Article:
Linking words and expressions

(Connecting text with linking words and expressions)

Table of contents – linking words

On this page you will find the following:

  1. Explanation about linking words
  2. Use and meaning
  3. Further explanations and exercises

What are linking words and expressions? What is their purpose?

Linking words or linking expressions (sometimes also called connecting words) are simply words and expressions that tie whole sentences, parts of sentences, phrases, or individual elements together to establish a smooth transition in a text. The term ‘linking’ means ‘connecting’ and stands for cohesion. Since the English language is quite rigid in its sentence structure, such words are needed to make the writing fluent and comfortably readable without making it appear hifalutin. In this way, the listener or reader can simply follow the flow of the argument. Since linking words are also a stylistic device for easily readable text, they appear much more often in written language than in spoken language.

Many of the linking words are conjunctions, adverbs, or prepositions and can be either single words or compound expressions.

How are linking words and expressions used and categorized?

Linking words and expressions can roughly be divided according to their purpose and meaning. Likewise, the following ones usually appear at the beginning of a clause to link or connect entire sentences. Connectors that mostly occur in the middle of a complex sentence are subordinate conjunctions in many cases. For their detailed usage, have a look at the article about subordinators. Compare the possible uses:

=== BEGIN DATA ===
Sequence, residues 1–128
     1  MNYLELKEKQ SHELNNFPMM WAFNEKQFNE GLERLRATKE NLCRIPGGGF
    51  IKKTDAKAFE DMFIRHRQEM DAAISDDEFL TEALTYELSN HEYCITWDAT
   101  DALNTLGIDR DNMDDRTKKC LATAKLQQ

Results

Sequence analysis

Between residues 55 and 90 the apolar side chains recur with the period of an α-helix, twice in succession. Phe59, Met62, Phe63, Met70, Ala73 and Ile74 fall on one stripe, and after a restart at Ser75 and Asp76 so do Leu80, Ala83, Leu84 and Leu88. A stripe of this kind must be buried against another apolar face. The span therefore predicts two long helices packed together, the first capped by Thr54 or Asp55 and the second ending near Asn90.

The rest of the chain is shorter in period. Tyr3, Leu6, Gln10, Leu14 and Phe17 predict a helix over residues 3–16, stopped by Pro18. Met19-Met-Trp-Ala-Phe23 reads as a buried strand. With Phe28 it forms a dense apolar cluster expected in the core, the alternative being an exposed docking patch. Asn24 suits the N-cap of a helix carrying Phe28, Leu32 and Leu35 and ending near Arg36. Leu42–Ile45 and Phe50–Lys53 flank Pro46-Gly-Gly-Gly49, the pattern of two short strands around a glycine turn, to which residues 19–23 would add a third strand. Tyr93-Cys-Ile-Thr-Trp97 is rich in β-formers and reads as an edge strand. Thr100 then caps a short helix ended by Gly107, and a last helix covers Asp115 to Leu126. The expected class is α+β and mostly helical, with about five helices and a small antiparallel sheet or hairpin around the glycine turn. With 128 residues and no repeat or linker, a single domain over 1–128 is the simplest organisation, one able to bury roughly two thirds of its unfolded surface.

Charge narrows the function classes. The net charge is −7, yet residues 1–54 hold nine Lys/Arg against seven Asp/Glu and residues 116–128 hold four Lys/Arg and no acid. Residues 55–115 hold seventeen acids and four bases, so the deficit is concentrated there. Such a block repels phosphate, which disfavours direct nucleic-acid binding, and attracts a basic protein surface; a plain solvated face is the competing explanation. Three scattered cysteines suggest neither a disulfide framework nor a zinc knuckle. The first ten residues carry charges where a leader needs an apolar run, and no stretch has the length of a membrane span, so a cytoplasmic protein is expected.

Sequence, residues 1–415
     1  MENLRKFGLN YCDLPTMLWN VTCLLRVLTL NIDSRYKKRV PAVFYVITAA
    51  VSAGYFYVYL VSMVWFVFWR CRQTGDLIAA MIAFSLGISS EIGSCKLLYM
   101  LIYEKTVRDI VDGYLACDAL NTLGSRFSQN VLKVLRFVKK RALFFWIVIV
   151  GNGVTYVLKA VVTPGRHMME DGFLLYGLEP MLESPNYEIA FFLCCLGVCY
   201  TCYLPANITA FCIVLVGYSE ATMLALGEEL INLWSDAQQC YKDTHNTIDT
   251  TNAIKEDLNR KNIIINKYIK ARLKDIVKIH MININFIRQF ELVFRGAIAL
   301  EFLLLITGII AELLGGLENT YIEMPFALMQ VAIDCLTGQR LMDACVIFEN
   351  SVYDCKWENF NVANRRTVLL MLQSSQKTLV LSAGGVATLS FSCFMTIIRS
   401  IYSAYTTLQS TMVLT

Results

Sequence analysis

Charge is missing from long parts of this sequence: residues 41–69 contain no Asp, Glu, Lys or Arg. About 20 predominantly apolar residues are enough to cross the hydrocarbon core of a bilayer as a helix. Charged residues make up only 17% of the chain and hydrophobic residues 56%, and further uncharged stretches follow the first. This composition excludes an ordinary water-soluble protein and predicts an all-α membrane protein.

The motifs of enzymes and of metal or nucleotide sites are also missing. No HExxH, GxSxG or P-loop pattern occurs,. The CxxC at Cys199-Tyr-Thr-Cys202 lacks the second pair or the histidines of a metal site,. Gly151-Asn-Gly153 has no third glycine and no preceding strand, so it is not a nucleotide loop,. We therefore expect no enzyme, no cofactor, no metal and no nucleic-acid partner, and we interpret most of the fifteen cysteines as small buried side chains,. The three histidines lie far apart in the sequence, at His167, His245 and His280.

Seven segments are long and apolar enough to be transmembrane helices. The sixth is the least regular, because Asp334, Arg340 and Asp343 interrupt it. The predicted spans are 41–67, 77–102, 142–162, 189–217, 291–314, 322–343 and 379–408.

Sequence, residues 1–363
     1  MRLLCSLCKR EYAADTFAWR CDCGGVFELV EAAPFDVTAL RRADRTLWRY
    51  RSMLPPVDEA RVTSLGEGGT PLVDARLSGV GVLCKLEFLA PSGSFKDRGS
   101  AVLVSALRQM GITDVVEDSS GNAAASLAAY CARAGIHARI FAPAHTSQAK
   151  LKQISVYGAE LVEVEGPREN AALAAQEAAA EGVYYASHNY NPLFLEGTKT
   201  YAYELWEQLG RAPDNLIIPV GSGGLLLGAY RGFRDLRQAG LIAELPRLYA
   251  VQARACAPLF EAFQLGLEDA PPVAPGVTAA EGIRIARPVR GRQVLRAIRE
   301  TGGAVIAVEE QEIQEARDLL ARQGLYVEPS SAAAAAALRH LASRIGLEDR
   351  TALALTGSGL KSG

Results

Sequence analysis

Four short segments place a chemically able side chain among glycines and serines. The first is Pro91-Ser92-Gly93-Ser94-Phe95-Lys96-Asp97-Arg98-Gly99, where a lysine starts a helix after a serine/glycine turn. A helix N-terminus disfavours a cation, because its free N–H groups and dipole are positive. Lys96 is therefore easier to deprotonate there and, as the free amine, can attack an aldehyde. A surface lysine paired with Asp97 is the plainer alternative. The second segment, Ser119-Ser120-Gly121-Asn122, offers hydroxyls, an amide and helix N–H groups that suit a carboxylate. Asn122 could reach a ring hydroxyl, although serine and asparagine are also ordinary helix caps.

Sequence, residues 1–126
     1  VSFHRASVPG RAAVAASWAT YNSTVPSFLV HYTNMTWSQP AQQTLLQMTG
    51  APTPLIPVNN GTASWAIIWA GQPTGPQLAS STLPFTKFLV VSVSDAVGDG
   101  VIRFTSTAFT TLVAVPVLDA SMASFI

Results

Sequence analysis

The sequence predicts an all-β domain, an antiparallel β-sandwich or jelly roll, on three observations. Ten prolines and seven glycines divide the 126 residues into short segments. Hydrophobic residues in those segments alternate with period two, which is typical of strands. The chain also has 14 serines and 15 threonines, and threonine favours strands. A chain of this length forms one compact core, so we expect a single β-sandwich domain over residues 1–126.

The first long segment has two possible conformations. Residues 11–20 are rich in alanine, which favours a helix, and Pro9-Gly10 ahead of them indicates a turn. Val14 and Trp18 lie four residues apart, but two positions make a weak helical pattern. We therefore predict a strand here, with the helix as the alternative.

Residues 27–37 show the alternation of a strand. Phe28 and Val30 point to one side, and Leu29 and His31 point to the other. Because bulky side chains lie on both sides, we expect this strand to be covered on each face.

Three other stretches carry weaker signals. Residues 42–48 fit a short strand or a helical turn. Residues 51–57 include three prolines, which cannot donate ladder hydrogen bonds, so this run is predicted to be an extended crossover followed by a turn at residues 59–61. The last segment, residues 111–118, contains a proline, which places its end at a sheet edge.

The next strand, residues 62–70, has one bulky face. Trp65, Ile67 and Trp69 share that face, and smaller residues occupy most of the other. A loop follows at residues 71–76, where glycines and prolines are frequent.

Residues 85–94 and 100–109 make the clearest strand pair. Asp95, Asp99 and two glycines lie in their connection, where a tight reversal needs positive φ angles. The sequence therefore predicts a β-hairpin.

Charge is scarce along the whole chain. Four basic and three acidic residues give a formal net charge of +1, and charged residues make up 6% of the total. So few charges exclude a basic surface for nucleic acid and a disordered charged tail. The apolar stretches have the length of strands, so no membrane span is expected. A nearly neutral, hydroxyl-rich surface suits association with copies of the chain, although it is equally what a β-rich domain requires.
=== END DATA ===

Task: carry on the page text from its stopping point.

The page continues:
Text linkers serve to …

  • … list additions, something similar or not contrary:
    • first of all, first or firstly, second or secondly, third or thirdly
    • next, then, finally
    • in addition, moreover, furthermore
    • similarly, likewise
    • Example sentence:
      • “The university tuition fee can be paid monthly. In addition, students are granted free access to the online library.”
  • … express contrast and anything to the contrary:
    • but, however, nevertheless, nonetheless
    • in spite of, despite
    • in contrast, on the contrary, on the other hand, conversely
    • Example sentence:
      • “Prime Minister Johnson has denied all the allegations. In spite of that, people do not believe him.”
  • … clarify the reason and the purpose:
    • due to, owing to, as a result of, as a consequence of
    • therefore, for that reason, consequently
    • Example sentence:
      • “There has been a forest fire in the north of the country. As a consequence, smaller villages around the area have been evacuated.”
  • … show temporal relations:
    • in the beginning, at the beginning
    • at last, lastly, eventually
    • before, until, as soon as, while, during
    • Example sentence:
      • “Five houses had been burgled over three weeks. Eventually, the burglar was arrested.”
  • … formulate conclusions and summaries of previous information:
    • all in all, briefly, to sum up, to summarise, to conclude, concluding, in conclusion
    • Example sentence:
      • To conclude, I would like to thank you all very much and have a nice day.”

Further explanations relating to the ‘Linking words and expressions’

The following explanations are related to the topic ‘Connecting text with linking words and expressions in English’ and could therefore be interesting too: